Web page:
Monday, October 28, 2019

Denmark's Oldest Radio Station

If you google VYL eventually you will find the 1973 United States Hydrographic Office publication Radio Navigational Aids (Atlantic and Mediterranean Area) ... it lists off: VYL Lightship, Denmark 55° 24' 25" N. 7° 33' 38" E. continuous and it's range is listed at 50 miles, It's frequency 289.6 kc/s , A2
Characteristic Minutes
(Interrupted by a long dash)     1
Silent      1
2 repetitions above signal _  4__
Period     6

The List of Lights, Radio Aids, and Fog Signals from 1963 gives somewhat more color with the additional notation: "Red hull, white cross on sides, "VYL" in horizontal stroke of cross, 2 masts." But then a 1915 copy of List of Radio Stations of the World lists OXC as the call letters and Vyl, Denmark as the location. Also a 1935 copy of the Shortwave Listener specifically lists the call letters as OUY on both 1.818 and 1.622 Mc. But they do list an OXC on 1.819 Mc in Ringsted, Denmark. This long history and change of call signs poses a problem, compounded by the fact that I cannot read Danish.
With some luck I found both the old and new URL of a museum dedicated to this radio station and (The former is offline but thanks to the Wayback Machine, we have a copy from 2013.) So lets get back to the United States Hydrographic Office. IN 1935 they list all the radio navigation beacons in Denmark: OUX, OUZ, OUY, OUB, OUT, OUK, OUR, OUE and OUU. I think it's safe from this format to assume the call sign is not VYL. Sources refer to Vyl Station which is the lightship, not the radio station.

The first marine navigational radio in Denmark was installed on the lightship station Vyl in 1899 and also at the same time on the lighthouse at Blavandshuk, so that observations from Vyl could be received ashore. (Vyl is not the ship but the location.) Various ships held that position including Motorfyrskibet Nr. I. This was ship-to-shore radio, not exactly a broadcast but radio nonetheless. The 1939 Edition of US Hydrographic Office publication Radio Navigational Aids makes clear that this is OUY, thus disentangling the two call signs.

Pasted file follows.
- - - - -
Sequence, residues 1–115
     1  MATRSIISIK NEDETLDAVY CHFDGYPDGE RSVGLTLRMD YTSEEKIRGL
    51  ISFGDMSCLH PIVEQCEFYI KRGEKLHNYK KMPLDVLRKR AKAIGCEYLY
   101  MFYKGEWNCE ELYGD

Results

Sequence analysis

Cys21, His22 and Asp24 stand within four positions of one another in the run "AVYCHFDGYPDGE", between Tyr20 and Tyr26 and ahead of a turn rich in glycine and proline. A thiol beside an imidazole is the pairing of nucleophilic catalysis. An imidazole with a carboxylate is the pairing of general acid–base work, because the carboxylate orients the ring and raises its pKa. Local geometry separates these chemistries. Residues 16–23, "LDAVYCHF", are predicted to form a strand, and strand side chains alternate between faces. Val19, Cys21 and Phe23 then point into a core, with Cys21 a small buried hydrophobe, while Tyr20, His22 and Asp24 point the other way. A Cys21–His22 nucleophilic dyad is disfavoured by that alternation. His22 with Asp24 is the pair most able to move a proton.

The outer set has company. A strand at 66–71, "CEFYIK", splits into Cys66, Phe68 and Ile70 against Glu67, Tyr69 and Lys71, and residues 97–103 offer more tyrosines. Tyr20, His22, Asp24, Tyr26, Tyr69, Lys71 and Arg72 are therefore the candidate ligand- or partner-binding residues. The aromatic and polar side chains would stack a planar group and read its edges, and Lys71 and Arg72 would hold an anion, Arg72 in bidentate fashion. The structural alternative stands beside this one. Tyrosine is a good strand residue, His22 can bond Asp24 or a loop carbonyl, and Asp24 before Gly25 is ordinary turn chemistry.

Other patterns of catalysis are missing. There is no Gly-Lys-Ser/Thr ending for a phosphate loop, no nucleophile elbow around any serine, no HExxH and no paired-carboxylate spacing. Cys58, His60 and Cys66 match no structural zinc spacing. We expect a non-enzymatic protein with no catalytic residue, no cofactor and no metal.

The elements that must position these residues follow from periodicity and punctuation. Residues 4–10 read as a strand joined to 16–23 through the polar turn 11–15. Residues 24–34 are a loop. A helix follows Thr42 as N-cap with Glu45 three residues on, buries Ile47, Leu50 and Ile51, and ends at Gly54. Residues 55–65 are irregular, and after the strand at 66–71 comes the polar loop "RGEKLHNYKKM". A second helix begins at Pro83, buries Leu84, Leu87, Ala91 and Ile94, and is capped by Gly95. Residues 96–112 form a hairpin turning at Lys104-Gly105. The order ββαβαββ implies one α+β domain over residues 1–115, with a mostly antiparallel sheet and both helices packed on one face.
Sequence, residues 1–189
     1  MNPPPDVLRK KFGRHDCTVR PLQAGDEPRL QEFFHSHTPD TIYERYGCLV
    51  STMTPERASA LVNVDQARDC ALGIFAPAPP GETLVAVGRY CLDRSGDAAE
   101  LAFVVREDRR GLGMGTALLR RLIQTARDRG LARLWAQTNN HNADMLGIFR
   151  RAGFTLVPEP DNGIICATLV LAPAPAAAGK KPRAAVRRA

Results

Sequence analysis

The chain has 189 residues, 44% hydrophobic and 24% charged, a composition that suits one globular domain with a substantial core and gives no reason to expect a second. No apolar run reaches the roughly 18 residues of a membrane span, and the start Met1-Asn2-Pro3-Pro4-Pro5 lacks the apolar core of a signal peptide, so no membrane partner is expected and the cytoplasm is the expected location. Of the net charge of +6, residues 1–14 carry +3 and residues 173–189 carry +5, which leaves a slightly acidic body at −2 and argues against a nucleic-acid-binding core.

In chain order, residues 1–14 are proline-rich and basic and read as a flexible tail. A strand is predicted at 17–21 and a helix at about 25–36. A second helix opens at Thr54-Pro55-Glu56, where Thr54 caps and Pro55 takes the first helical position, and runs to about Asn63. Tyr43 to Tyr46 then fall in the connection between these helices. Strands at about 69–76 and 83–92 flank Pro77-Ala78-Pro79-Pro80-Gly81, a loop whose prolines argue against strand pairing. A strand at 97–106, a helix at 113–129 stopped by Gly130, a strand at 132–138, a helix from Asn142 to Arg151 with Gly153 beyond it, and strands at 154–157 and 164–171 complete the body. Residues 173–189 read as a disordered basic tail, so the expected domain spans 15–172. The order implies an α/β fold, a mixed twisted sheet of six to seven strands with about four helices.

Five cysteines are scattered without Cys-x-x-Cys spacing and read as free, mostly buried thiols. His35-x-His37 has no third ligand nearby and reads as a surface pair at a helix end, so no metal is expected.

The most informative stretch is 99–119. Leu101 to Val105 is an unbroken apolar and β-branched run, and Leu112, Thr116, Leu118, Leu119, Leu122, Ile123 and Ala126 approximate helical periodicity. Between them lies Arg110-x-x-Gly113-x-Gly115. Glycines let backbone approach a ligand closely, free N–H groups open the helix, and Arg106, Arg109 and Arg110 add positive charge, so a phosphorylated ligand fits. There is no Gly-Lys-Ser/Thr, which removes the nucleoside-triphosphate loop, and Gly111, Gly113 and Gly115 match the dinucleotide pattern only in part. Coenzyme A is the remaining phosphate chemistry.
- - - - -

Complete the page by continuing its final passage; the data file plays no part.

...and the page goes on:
On September 1st 1908, the War Department signed on OXA, Denmark's first real coastal radio station.  It was based in a wooden house at Frederiksholm at the Holmen Naval Station. Later came OXB Blavand Radio in 1914, OXZ Lyngby Radio in 1917, OXP Skagen Radio in 1945 and OYE Ronne Radio in the 1950s. The book The Bow and the Spark (Buen og gnisten) by Lise Bock describes that early scene [Roughly translated from Danish]:
"The Danish Navy had been broadcasting since the first attempt with spark transmitters back in 1898. One of the first permanent installations was installed in the BlÄvandshuk lighthouse and on the Vyl lighthouse ship on the west coast of Jutland in 1901. Equipment came from the German AEG developed by Arco and Slaby. Afterward, the Navy destroyed a some warships, and in 1905 they set up a radio station on the islet in Kolmenhavn where the Danish fleet was based... The station was then referred to as Denmark's first coastal radio station..."
On that website is a picture of one of their early crystal sets: Wireless Specialty Apparatus Co. type IP-76. In 1910-1914 the most widely used type in the US Navy. It was used at OXA during World War I and up to the mid 1920s. It's labeled Amerikansk Krystalmodtager which means American Crystal Receiver. They also used equipment from Marconi, Slaby Arco, Skovmand & Pedersen, and Telefunken. OXP was decommissioned in 1993, and OXB in 1996 both to be controlled remotely by Lyngby Radio OXZ. Likewise, OXA served the Royal Danish Navy and the merchant fleet until the late 1940s and then it's building sat disused for half a century. Today, all remaining maritime emergency radio stations in Denmark are controlled by Lyngby Radio.

In 1991 the Danish Navy decided to relocation operations away from Holmen and to close the naval station. The modest wooden building now seemed doomed to demolition to make room for new development. In 2000, a small group of people interested in radio history decided to restore and relocate the station. With the permission and support of the Defense Department, OXA moved from Frederiksholm to Nyholm. The project was completed in October 2003. The station then reopened as a museum of Denmark's oldest coastal radio station Kobenhavn Radio OXA. [LINK]

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